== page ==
For your viewing and listening pleasure, here are two short video ‘stories’ by two great agricultural-research-for-development storytellers. Their stories were introduced recently at an Aspen New Voices Fellowship evening gathering in Nairobi by moderator Lindiwe Majele Sibanda, vice president of the Alliance for a Green Revolution in Africa (AGRA), former chair of the board of trustees of the International Livestock Research Institute (ILRI), and a former Aspen New Voices Fellow herself.
Andrew Mude, an Aspen Institute New Voices Fellow and economist with ILRI, here describes an unlikely moment (rhetorically and personally tense as well as transformative) that occurred years ago in a small church in Kenya’s remote northern frontier region of Marsabit during the launch his livestock insurance program for African herders. Run-time: 10 minutes.
And here’s Aspen New Voices Fellow Jemimah Njuki, who formerly headed ILRI’s gender and livestock research and is now senior program officer at Canada’s International Development Research Centre, in Nairobi. She describes the transformative moment in her unusual trajectory from (very happy) employee serving cocktails and gourmet food to rich people in a five-star hotel at the Kenya coast—’as far away from a farm as I could possibly be’—to her lifelong commitment to empower rural women and girls. Run-time: 7 minutes.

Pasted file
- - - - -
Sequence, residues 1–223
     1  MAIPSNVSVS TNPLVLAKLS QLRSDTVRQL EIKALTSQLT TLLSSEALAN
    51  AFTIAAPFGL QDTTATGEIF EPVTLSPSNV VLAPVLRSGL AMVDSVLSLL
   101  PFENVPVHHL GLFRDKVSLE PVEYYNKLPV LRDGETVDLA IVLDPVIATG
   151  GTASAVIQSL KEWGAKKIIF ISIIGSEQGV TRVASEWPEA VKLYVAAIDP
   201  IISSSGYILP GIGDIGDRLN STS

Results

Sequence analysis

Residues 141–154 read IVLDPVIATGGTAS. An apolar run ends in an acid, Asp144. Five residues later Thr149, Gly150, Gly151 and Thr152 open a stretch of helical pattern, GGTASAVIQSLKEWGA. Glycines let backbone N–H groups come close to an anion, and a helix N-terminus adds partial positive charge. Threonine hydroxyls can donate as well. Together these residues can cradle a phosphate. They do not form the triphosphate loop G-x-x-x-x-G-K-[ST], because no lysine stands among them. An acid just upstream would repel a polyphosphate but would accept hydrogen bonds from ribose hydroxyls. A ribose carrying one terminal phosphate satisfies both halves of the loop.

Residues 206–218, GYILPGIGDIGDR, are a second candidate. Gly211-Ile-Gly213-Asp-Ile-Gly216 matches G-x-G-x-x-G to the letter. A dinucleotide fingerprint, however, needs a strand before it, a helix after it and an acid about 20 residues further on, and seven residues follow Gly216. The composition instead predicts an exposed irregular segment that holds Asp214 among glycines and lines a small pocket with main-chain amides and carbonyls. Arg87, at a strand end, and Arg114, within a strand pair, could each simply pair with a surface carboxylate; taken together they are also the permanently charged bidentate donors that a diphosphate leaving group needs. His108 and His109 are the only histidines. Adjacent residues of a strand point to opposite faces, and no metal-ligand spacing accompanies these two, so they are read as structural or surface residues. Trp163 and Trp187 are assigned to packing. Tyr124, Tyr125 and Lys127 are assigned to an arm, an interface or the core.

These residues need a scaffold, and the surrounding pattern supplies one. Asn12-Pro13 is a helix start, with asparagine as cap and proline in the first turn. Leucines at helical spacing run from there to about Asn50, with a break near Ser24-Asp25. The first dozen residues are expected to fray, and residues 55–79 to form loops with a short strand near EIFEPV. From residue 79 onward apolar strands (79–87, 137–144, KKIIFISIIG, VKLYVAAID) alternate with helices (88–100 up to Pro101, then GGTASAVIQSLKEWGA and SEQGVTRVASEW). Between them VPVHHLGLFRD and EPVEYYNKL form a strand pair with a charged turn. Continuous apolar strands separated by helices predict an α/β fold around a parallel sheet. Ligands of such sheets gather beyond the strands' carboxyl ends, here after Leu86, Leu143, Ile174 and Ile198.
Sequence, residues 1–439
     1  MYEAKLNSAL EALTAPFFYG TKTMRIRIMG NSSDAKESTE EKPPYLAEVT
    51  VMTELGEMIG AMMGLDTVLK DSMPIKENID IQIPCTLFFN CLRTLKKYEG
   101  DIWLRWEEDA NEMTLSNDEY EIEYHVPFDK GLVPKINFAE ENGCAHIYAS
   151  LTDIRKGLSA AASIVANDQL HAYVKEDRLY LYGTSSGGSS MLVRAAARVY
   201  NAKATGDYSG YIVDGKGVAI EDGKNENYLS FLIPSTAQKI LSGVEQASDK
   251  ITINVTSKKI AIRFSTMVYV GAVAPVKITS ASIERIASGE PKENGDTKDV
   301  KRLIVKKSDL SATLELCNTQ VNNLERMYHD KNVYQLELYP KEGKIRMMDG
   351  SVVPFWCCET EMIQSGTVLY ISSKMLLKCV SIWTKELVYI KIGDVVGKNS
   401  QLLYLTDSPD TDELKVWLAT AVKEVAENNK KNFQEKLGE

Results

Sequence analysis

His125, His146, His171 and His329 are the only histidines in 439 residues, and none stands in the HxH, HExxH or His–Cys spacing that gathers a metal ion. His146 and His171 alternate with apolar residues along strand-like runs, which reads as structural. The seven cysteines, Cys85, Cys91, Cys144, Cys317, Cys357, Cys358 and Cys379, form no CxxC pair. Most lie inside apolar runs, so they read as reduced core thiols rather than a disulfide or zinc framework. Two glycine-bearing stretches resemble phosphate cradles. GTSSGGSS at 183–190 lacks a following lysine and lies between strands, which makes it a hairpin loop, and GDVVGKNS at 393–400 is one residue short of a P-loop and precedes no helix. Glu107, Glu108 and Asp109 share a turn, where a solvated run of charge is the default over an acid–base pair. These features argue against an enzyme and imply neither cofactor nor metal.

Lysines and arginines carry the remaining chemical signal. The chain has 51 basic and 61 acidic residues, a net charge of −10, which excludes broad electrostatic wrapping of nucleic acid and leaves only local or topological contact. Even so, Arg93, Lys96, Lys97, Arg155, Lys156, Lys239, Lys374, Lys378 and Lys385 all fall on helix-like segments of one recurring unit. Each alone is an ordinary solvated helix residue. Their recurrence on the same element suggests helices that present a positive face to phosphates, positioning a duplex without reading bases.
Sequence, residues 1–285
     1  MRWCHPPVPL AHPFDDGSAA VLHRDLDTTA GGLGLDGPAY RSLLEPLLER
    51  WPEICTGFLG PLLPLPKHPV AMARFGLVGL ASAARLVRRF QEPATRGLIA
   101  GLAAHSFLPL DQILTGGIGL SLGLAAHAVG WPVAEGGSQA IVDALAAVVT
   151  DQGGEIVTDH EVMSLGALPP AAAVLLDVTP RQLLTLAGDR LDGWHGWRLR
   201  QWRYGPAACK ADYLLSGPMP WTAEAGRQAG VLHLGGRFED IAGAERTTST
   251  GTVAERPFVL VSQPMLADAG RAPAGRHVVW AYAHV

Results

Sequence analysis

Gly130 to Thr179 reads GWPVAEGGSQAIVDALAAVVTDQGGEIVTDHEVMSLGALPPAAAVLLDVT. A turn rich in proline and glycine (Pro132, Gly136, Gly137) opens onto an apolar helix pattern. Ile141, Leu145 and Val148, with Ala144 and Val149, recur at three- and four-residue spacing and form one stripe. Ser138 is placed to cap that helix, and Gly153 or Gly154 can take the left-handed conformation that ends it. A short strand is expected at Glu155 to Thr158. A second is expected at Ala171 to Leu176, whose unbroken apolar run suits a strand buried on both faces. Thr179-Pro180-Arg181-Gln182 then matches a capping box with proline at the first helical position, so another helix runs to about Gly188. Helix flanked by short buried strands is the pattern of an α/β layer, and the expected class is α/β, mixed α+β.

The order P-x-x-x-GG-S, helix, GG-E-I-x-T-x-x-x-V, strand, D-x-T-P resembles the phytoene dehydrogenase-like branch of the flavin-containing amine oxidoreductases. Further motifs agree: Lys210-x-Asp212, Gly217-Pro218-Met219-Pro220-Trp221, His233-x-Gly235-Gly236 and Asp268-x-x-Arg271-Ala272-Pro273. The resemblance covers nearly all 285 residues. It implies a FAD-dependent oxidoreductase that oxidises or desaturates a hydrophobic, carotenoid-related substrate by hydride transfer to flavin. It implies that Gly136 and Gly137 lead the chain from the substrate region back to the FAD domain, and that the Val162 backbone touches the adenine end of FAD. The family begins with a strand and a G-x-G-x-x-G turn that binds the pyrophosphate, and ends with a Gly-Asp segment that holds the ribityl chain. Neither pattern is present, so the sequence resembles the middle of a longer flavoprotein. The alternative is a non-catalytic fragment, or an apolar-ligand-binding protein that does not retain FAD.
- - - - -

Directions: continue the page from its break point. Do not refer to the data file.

If you like those stories, there’s several more like it at the site above. Soon you’ll be able here to nominate your favourite scientist or other development professional for an Aspen New Voices Fellowship in 2019. This is a year-long media skills, communication and leadership program designed for standout development professionals from the developing world.
The New Voices Fellowship at the Aspen Institute is a groundbreaking initiative designed to bring more expert voices from the developing world into the global development discussion.
‘The Fellowship offers development experts from Africa and other parts of the developing world a year-long program of media support, training, research and writing under the guidance of experienced mentors and trainers. The program will help Fellows to sharpen their messages, elevate their stories, focus their media targets, and communicate their insights across a variety of media platforms – illuminating crucial grassroots perspectives for a broad worldwide audience. Fellows can be drawn from a variety of development disciplines, ranging from public health and education to poverty alleviation, agriculture, sanitation and community activism. Ideal candidates are experts in their fields who have a deep understanding of broad development challenges and a passion for communicating their views.’